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High temperature metals/liquids


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The addition of radiant pipes with the mark II ranching upgrade immediately suggests one very important use: A closed loop liquid heating system for a steam turbine. This would have pipes full of some liquid circulating between a heat source and a cooler water source, turning that water into steam, which would then be used to power a turbine. Unfortunately, with the most obvious heat source currently available, magma, this isn't possible, because there aren't any radiant pipe materials you could immerse in magma without them melting. You might theoretically be able to use abyssalite pipes, but those are too insulating to be useful for heat transfer. In real life, there are metals with melting points well above 2000°C that could potentially be built as pipes, immersed in magma, and used in that way for fluid transfer. Obviously this would be difficult to pull off in practice, but that would make the reward all the sweeter. For this to work, you would also need a suitable high-temperature liquid transfer medium. I suppose you could use liquid metal, but that has its own set of problems, like the difficulty of pumping it without the pump melting. The best I can come up with for this is petroleum, but even that has a relatively low vapor point. In real life, this is usually solved by having a normal liquid, such as water, at a very high pressure, so its vapor point is much higher. I might suggest something similar here. Perhaps you could have a high-pressure pump, requiring much more power, feeding into high-pressure pipes that need more construction material, and much more disastrous consequences if the pipes fail, with the upside being that any liquid run through them would have a much higher vapor point. As it stands now, there really isn't a way to create a sustainable geothermal power plant, and so there isn't much use for the turbine.

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1 hour ago, TV4Fun said:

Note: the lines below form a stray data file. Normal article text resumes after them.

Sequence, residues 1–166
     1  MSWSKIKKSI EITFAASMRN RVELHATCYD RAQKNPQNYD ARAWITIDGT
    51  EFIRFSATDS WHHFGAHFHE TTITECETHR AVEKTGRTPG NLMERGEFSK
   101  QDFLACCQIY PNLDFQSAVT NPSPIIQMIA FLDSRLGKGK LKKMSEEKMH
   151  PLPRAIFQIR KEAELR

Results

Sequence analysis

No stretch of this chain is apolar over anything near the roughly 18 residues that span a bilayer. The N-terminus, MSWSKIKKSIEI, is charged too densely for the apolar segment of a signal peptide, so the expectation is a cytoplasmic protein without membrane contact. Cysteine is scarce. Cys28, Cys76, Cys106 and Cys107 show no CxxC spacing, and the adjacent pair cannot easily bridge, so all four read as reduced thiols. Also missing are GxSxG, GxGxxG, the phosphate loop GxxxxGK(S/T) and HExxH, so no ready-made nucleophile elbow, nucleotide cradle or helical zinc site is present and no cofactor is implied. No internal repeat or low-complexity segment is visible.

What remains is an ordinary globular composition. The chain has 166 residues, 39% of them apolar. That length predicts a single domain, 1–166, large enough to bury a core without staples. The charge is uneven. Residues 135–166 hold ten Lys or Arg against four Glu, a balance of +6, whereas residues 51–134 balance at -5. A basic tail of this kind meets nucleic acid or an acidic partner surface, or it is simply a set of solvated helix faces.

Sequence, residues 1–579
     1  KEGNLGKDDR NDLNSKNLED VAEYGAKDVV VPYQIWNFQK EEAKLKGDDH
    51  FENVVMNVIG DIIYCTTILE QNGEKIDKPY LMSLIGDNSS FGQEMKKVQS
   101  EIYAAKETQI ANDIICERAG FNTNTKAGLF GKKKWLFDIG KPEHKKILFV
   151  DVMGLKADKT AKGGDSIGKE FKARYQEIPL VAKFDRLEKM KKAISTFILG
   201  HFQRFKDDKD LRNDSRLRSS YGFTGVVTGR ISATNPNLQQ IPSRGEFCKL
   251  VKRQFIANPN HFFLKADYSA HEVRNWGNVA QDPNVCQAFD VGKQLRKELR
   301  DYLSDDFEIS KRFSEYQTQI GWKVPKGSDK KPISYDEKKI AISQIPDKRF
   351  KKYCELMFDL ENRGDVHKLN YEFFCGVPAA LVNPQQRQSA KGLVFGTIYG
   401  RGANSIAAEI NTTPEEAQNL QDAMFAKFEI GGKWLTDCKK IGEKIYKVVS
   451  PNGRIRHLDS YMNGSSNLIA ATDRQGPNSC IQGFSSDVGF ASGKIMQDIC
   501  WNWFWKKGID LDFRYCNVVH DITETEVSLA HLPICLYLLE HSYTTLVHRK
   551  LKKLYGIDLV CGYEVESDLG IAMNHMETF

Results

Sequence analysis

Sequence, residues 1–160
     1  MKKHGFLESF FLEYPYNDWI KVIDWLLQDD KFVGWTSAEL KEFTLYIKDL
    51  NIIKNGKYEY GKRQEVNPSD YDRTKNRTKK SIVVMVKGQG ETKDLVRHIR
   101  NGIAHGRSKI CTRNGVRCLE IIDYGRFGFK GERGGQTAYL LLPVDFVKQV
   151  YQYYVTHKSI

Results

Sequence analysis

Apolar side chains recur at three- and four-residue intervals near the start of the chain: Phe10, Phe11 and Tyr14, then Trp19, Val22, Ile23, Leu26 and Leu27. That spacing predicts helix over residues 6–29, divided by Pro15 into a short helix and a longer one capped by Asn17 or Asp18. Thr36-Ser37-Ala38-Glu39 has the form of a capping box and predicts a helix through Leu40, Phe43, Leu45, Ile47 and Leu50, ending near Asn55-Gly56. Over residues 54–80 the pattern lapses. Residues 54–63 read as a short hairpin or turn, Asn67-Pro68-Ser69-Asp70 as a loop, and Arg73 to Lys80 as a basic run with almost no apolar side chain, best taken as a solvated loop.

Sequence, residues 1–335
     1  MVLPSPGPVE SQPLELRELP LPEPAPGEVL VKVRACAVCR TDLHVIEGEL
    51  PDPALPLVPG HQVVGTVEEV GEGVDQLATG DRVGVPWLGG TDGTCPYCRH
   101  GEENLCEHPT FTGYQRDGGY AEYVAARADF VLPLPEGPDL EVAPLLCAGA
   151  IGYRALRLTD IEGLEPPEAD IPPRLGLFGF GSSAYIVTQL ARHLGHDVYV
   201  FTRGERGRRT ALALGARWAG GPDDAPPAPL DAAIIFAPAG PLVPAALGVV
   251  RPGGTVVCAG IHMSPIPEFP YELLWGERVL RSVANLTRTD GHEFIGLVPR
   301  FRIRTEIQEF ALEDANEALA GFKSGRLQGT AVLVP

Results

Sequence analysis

The addition of radiant pipes with the mark II ranching upgrade immediately suggests one very important use: A closed loop liquid heating system for a steam turbine. This would have pipes full of some liquid circulating between a heat source and a cooler water source, turning that water into steam, which would then be used to power a turbine. Unfortunately, with the most obvious heat source currently available, magma, this isn't possible, because there aren't any radiant pipe materials you could immerse in magma without them melting. You might theoretically be able to use abyssalite pipes, but those are too insulating to be useful for heat transfer. In real life, there are metals with melting points well above 2000°C that could potentially be built as pipes, immersed in magma, and used in that way for fluid transfer. Obviously this would be difficult to pull off in practice, but that would make the reward all the sweeter. For this to work, you would also need a suitable high-temperature liquid transfer medium. I suppose you could use liquid metal, but that has its own set of problems, like the difficulty of pumping it without the pump melting. The best I can come up with for this is petroleum, but even that has a relatively low vapor point. In real life, this is usually solved by having a normal liquid, such as water, at a very high pressure, so its vapor point is much higher. I might suggest something similar here. Perhaps you could have a high-pressure pump, requiring much more power, feeding into high-pressure pipes that need more construction material, and much more disastrous consequences if the pipes fail, with the upside being that any liquid run through them would have a much higher vapor point. As it stands now, there really isn't a way to create a sustainable geothermal power plant, and so there isn't much use for the turbine.

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